And Mal Couch states the opposite of Smith regarding "majority" view (I suspect Couch is probably limiting his majority to conservative scholars), We cannot put a date on the composition of the book of Job, except for the outer limits, perhaps the seventh and the second centuries BC.A folk tale of a righteous sufferer probably existed long before the present poem came into being (Carson, 460).After Job, Psalms is the book most cross-referenced in this study [his commentary on Job].
The language, they say, points to an early period of Israel’s history (Smith, ch. no mention—not the faintest hint—of any of the great events of Israelite history, not even of the Exodus, the passage of the Red Sea, or the giving of the Law on Sinai, much less of the conquest of Canaan, or of the stirring times of the judges and the first great kings of Israel.
It is inconceivable, as has been often said, that a writer of a late date, say of the time of Captivity, or of Josiah, or even of Solomon, should, in a long work like the Book of Job, intentionally and successfully avoid all reference to historical occurrences, and to changes in religious forms or doctrines of a date posterior to that of the events which form the subject of his narrative (Spence-Jones, xv). It should be noted that these works consider the problem of suffering, as does the book of Job, but their answer is quite different.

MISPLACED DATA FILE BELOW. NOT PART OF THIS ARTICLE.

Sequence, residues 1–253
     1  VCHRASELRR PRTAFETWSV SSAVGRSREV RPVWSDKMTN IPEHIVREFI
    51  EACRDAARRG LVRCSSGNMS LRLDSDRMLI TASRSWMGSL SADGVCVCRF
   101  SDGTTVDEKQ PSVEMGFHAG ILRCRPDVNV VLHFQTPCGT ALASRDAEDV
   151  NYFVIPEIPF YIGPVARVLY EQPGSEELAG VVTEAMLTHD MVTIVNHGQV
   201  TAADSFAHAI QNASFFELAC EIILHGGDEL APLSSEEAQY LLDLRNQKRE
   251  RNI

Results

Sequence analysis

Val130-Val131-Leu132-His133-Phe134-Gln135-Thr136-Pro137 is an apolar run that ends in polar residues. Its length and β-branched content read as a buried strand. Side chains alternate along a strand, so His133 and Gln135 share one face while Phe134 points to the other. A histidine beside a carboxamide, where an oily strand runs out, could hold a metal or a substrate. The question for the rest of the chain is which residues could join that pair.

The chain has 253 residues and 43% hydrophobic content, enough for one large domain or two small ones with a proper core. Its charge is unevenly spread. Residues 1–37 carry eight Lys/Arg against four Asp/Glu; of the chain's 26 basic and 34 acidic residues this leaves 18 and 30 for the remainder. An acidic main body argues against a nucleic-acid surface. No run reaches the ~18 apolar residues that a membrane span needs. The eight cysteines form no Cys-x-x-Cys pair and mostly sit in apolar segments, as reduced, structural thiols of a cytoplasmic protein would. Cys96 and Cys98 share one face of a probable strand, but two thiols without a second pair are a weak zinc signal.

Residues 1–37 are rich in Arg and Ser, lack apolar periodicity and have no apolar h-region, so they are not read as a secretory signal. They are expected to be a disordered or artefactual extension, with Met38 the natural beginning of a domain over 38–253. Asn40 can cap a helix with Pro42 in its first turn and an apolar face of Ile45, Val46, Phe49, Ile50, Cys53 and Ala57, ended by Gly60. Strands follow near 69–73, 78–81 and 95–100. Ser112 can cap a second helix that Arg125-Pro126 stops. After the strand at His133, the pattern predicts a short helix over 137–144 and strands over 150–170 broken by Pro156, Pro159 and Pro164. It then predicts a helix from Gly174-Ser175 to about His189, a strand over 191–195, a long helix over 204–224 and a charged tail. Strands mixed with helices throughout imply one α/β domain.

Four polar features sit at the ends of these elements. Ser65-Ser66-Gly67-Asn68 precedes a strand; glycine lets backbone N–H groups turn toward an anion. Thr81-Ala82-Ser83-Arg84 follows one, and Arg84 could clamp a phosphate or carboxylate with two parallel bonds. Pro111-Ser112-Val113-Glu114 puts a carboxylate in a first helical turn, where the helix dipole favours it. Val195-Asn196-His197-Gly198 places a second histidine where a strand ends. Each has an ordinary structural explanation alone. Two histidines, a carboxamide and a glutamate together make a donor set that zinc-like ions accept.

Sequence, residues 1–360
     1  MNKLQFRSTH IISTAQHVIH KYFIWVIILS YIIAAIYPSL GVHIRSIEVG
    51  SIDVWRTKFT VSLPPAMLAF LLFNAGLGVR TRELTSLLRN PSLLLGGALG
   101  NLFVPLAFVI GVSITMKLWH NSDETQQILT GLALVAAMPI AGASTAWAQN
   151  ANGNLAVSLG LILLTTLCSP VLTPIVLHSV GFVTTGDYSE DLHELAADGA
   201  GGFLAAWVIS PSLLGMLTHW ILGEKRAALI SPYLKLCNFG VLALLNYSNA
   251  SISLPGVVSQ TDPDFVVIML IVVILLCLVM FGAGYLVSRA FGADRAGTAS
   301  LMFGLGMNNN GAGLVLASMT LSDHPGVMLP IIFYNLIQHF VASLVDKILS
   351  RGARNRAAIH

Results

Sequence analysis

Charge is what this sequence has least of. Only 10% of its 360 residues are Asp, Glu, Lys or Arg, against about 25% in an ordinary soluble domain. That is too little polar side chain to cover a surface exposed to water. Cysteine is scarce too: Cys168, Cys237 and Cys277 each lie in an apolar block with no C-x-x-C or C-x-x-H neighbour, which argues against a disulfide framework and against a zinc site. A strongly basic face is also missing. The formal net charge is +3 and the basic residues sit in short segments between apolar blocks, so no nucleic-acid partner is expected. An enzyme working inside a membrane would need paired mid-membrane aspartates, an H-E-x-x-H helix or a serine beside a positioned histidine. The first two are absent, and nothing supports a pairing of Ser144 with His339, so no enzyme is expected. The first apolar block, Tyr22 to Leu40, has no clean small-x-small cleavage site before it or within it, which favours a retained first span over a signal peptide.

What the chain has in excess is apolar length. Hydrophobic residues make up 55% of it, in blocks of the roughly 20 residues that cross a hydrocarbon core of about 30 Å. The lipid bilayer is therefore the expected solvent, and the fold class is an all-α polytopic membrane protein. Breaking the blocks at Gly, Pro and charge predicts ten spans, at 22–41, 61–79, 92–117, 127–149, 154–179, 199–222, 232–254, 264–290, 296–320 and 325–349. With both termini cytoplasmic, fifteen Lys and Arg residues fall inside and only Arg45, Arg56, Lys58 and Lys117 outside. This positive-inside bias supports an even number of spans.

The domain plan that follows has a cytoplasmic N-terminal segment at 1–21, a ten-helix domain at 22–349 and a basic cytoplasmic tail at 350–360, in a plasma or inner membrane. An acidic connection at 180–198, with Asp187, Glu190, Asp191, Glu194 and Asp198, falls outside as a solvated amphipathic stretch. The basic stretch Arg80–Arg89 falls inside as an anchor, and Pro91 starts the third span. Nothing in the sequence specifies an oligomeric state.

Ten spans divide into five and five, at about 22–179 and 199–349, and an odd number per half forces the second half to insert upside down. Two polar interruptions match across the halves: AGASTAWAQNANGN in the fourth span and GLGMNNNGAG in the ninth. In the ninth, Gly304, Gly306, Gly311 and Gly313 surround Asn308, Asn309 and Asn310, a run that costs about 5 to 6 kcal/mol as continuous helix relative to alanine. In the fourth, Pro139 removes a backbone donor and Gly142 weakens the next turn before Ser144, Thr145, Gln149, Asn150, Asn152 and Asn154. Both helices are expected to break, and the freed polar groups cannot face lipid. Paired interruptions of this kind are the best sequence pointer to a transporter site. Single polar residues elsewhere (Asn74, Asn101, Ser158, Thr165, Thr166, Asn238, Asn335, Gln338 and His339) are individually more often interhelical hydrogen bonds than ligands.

Aramaic words found in Job had been leading scholars to lean "toward the end of the Old Testament period" and thus a late writing, but that has recently been challenged as unfounded grounds for late dating, since full of Aramaisms which are not of the later type, but such as characterize the antique and highly poetic style, and occur in parts of the Pentateuch, in the Song of Deborah, and in the earliest Psalms.
The style has a “grand archaic character,” which has been recognized by almost all critics (Spence-Jones, xiv).
Simply because of the nature of the material, many of these features reflect the wisdom books; and because of the size and vocabulary of Isaiah, many reflect that eighth-century prophet (Alden, 26-27).